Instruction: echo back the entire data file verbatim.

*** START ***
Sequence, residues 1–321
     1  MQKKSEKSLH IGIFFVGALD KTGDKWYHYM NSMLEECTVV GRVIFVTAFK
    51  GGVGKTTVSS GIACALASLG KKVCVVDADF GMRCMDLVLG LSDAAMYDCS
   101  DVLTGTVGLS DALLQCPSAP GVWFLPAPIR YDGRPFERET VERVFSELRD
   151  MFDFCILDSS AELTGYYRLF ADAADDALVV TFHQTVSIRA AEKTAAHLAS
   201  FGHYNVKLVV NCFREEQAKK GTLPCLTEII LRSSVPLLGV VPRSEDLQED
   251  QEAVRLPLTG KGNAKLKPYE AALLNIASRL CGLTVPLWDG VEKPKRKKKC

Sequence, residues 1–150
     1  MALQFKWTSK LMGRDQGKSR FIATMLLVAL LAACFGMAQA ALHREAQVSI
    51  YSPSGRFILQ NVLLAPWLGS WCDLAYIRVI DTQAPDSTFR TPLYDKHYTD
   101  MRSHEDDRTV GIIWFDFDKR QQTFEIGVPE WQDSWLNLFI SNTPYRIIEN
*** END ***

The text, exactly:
Sequence, residues 1–321
     1  MQKKSEKSLH IGIFFVGALD KTGDKWYHYM NSMLEECTVV GRVIFVTAFK
    51  GGVGKTTVSS GIACALASLG KKVCVVDADF GMRCMDLVLG LSDAAMYDCS
   101  DVLTGTVGLS DALLQCPSAP GVWFLPAPIR YDGRPFERET VERVFSELRD
   151  MFDFCILDSS AELTGYYRLF ADAADDALVV TFHQTVSIRA AEKTAAHLAS
   201  FGHYNVKLVV NCFREEQAKK GTLPCLTEII LRSSVPLLGV VPRSEDLQED
   251  QEAVRLPLTG KGNAKLKPYE AALLNIASRL CGLTVPLWDG VEKPKRKKKC

Sequence, residues 1–150
     1  MALQFKWTSK LMGRDQGKSR FIATMLLVAL LAACFGMAQA ALHREAQVSI
    51  YSPSGRFILQ NVLLAPWLGS WCDLAYIRVI DTQAPDSTFR TPLYDKHYTD
   101  MRSHEDDRTV GIIWFDFDKR QQTFEIGVPE WQDSWLNLFI SNTPYRIIEN